G7 finance ministers meet to discuss fiscal policy, currencies and other global risks. As Kirsty Basset reports, they may shy away from discussing another key risk to the grouping: their failure to agree on any major policy initiatives.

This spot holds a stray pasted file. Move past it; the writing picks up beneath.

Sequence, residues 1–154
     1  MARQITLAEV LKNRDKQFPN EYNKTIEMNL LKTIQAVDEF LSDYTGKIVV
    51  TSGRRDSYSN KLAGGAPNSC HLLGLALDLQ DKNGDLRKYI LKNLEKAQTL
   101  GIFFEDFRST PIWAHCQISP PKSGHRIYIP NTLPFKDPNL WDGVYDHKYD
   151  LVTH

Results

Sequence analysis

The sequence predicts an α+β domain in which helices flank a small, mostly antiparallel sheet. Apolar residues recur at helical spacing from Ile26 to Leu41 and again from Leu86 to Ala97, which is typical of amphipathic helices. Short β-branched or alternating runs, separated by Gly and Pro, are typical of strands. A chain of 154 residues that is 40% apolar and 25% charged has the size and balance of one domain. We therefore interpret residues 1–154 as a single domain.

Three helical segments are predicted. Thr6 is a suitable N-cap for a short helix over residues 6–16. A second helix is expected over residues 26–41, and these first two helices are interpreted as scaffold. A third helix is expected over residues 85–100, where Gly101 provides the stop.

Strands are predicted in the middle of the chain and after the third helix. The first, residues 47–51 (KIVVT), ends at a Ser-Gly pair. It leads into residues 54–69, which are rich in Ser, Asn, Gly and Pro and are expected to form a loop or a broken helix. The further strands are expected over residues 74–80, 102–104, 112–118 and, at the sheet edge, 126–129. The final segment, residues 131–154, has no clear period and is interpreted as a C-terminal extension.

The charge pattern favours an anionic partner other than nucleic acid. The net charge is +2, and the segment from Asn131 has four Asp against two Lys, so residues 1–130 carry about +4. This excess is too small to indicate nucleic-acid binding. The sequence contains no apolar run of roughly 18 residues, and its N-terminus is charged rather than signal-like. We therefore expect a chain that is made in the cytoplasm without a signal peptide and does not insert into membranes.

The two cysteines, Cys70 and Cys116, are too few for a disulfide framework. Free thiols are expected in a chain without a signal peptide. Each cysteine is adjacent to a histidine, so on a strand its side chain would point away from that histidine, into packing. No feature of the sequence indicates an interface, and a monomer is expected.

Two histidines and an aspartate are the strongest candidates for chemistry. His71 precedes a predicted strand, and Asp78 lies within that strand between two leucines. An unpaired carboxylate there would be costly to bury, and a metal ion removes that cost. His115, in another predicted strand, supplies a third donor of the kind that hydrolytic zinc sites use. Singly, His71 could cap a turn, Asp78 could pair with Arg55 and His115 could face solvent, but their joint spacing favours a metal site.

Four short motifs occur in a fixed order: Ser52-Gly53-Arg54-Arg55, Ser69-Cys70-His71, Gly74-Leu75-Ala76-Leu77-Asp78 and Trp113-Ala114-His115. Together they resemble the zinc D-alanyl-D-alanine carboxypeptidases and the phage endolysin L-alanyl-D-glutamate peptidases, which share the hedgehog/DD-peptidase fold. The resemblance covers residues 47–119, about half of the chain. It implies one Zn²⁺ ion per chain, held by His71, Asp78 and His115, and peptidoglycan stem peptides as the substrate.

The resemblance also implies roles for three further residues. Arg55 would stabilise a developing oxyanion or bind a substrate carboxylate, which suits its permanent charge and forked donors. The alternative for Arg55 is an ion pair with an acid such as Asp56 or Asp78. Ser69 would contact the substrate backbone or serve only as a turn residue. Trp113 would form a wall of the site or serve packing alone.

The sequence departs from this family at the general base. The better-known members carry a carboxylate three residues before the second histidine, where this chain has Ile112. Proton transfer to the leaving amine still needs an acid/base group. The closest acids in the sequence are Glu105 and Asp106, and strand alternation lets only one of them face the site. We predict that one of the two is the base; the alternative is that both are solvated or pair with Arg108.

The finance chiefs of some of the world's most powerful economies meet in Japan. Their mission - how to boost stagnant global growth. Which some say hasn't been helped by a divergence between the Federal Reserve's lifting of rates - and other central banks holding rates at record lows. (SOUNDBITE) (English) CHIEF ECONOMIC ADVISOR, CEBR, VICKY PRYCE SAYING: "Actually achieving some sort of coordination and agreement on how we move forward both on monetary and fiscal side is going to be very very important." U.S. Treasury Secretary Jack Lew says they need to discuss the risks facing the global economy - and the tools available to deal with them. But each country will likely have different views on what tools should be used, and how. Japan and the U.S. remain at loggerheads over exchange rate policy, with the U.S. signalling Tokyo is not justified in intervening in the market to stem yen gains. And Japan and the U.S. have called on Germany to boost fiscal stimulus. So far Germany's showed no sign of a response, but did warn of the dangers of loose monetary policy following years of aggressive money printing. (SOUNDBITE) (English) CHIEF ECONOMIC ADVISOR, CEBR, VICKY PRYCE SAYING: "It's really the central banks that are running the world economy with either zero or negative interest rates. How long they can carry on, sort of carrying the boat along if you like is a real question mark." But if Japan calls for stronger action using monetary, fiscal tools and structural reforms - catered to each country's individual needs - G7 officials have signalled they won't object.